They come in three sizes, almost like people -- baby, medium and big and tough. That's the lima bean, born in the Andes of South America at least 8,000 years ago, packed with nutrition and sometimes neglected in favor of more glamorous legumes.
I think that's sad, because late summer and early fall are the heyday of this bean. Limas from the great York-Lancaster fields in Pennsylvania are shipped out to Middle Atlantic custom-type greengrocers and supermarket chains, and they are wonderful eating, indeed.
Expensive, but worth the price, for it will take about 3 pounds of limas in the shell to feed four people. That's about a $3 investment in a vegetable that many cooks pass up, or serve only packaged, frozen or dried.
The fresh bean is a different animal. Limas
will average about $2 a pint shelled but they are worth it in hearty but mildly spiced dishes that go along with the first cold snaps of fall.
The favorite accompaniment for fresh limas in cookbooks of the experts has traditionally been dill. I also sometimes favor whispers of thyme and oregano with the mature bean. The lima has an affinity for being served with fresh fruit and for being bedded down in chilled salads, among its trendier notes in the more mod cuisines. And it also can be a stand-in for anything that its cousin beans can do.
Many cooks are fans only of the pre-shelled, frozen baby lima. These are fine and delicate and cook almost as fast as an egg, but they are like a young wine that is going places eventually -- fine for the salad or the bland dinner plate, but only a hint of the mature item. The dried bean is also a pet of knowing and economical cooks who, however, tend to overdo these bargain protein givers in soup preparation and neglect its role in dips and baked preparations. (A can of limas, to me, is a bean graveyard -- but it can be given a delicious turn. See below.)
Nothing is easier than freezing fresh limas. All you need is salt water, a pot, a cookie sheet and something in which to store these luscious things. Bring a big pot to full boil, add the fresh beans slowly and blanch at full boil for 2 to 3 minutes, depending on the size of the beans. Drain and dump into ice water. Dry on towels or in the air and freeze on flat pans or cookie sheets. Store in tight containers or zippered storage bags. Some home gardeners skip the blanching, which seems to work fine if you are freezing them for use in the near future.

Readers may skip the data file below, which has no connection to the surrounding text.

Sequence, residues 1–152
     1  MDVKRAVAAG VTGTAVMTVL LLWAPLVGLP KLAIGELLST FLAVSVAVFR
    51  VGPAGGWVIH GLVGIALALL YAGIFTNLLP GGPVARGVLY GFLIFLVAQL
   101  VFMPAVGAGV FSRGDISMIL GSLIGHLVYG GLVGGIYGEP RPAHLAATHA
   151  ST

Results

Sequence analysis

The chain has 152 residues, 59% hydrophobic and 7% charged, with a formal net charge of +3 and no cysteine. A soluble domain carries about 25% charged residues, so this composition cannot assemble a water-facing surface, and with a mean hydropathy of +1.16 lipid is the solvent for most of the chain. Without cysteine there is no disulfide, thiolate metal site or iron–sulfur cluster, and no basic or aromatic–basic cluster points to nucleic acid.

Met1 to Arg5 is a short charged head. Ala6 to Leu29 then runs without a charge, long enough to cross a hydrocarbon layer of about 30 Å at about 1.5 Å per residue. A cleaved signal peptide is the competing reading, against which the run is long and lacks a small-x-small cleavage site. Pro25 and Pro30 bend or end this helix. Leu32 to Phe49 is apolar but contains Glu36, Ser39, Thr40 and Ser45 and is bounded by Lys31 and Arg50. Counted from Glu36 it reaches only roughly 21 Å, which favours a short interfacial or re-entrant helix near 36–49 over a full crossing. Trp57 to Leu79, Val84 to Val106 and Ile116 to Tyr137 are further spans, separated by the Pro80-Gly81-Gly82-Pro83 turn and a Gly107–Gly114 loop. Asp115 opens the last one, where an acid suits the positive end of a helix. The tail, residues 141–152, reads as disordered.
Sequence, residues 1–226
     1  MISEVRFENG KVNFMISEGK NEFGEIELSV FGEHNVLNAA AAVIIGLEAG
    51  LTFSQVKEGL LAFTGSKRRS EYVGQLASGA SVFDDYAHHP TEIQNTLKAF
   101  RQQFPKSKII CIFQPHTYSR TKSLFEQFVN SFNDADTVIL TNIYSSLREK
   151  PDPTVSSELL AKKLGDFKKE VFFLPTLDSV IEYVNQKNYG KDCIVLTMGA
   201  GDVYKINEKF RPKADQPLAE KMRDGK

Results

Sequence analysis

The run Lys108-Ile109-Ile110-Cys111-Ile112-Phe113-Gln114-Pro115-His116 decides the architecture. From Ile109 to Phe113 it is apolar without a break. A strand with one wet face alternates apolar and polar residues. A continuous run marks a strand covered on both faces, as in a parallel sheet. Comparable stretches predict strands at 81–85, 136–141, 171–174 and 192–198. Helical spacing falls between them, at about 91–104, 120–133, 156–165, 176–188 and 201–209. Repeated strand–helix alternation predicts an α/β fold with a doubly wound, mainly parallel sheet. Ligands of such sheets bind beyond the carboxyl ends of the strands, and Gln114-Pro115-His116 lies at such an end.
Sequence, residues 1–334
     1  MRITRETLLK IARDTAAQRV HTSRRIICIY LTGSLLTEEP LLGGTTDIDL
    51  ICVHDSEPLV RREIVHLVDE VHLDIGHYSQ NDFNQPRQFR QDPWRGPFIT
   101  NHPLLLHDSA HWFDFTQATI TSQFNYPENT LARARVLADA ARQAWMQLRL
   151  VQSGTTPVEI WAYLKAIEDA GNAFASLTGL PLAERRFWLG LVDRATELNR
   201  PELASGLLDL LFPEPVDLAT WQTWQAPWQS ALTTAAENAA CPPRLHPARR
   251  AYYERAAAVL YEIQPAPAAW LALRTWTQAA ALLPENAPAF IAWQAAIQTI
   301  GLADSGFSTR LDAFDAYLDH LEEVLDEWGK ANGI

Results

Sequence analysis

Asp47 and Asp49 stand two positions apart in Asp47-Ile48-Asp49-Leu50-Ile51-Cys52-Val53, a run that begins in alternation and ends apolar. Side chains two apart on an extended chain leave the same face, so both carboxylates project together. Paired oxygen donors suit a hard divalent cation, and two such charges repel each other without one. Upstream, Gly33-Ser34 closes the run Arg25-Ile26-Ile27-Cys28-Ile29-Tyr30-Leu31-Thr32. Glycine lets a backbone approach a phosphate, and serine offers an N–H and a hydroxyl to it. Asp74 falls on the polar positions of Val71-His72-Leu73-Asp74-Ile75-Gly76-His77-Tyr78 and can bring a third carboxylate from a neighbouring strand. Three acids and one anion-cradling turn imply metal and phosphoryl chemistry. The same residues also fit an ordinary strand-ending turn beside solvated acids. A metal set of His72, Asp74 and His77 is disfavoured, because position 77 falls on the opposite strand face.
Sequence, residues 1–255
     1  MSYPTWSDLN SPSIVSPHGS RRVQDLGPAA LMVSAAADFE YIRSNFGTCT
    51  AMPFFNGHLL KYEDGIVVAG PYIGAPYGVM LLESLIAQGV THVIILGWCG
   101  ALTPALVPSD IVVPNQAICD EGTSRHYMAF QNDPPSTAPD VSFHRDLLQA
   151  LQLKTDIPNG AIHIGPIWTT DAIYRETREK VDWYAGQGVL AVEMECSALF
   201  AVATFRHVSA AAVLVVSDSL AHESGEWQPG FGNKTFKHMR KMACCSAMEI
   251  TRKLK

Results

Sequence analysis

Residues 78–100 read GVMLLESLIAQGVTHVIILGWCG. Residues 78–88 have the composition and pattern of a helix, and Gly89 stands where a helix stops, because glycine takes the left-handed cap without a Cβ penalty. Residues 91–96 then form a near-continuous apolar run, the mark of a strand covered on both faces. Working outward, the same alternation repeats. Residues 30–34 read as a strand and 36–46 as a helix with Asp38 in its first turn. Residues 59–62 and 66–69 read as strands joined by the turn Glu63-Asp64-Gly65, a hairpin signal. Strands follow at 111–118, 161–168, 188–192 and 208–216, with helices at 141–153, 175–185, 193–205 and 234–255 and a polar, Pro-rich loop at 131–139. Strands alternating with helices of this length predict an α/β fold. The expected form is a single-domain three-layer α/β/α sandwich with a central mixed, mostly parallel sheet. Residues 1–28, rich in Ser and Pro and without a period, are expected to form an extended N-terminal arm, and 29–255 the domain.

By a mile, the most popular use of limas in American cuisine is with the making of succotash, the New England specialty that spread through the northern tier of states in the 19th century and everywhere else in the 20th. For a quickie version of this overworked classic, simple pre-cook 10 ounce packages of corn and baby limas, blending them in a pan with a top with some sauteed onions, 2 or 3 tablespoons of butter, some heavy cream and some diced pimiento. Slowly heat with the top on; simmer about two or three minutes and serve.
John Thorne, the culinary master of "Simple Cooking" (Penguin Books, 1987, $9.95) believes succotash should be escorted with "dead ripe" tomatoes. (For his succotash version see below.) It's an adaptation of succotash as it is in Molly Finn's "Summer Feasts," Mr. Thorne reports and it's made with the north country's cranberry bean (a medium-sized legume) or limas. For limas I would increase the weight of beans bought by 50 percent, since lima shells are notoriously thick and heavy. One of the traditional north country versions of limas calls for cooking the beans with corn or alone in molasses or dark sugar syrups. In French cuisine, the lima's European equivalent, the flageolet, is served with gutsy lamb gravies and cuts of meat.
I steam fresh limas in the top layer of a big three-decker steamer of oriental type, dusting them at the start with about three pinches each of oregano and thyme and a little garlic salt. For frozen, either from the store or home freezer, I simmer the rascals about six or seven minutes in a large frying pan with water to cover. I also make a sort of lima bean hoppin' John by blending rice boiled in salty chicken stock and drained with limas, cooked in unsalted water.
A final hint: Do not salt lima bean water; it toughens the skins. Some high-falutin' chefs actually peel limas after blanching, but this seems to me to be overkill.
The following are some novel ways to use both the seasonal delicacy and the year-round processed lima:
The handy touch of molasses is the secret ingredient in this formula from "Mrs. Chard's Almanac Cookbook Hollyhocks and Radishes," by Bonnie Stewart Michelson (Pickle Point Publishing Company, $13.95). Michigan's idyllic Upper Peninsula is where the sweet lima makes a home. This version can be made a day ahead and reheated.
Bess's butter beans
1/4 cup melted butter
1/2 cup sour cream
1/2 cup brown sugar
2 tablespoons molasses
1 1/2 teaspoons dry mustard
-- of salt
4 15-ounce cans butter or lima beans, drained
Preheat oven to 350 degrees. Mix together butter, sour cream, brown sugar, molasses, dry mustard and salt. Combine with beans and turn into a buttered 3-quart casserole.
Cover and bake 30 minutes. Uncover and bake another 30 to 50 minutes, until liquid begins to cook away but not until dry.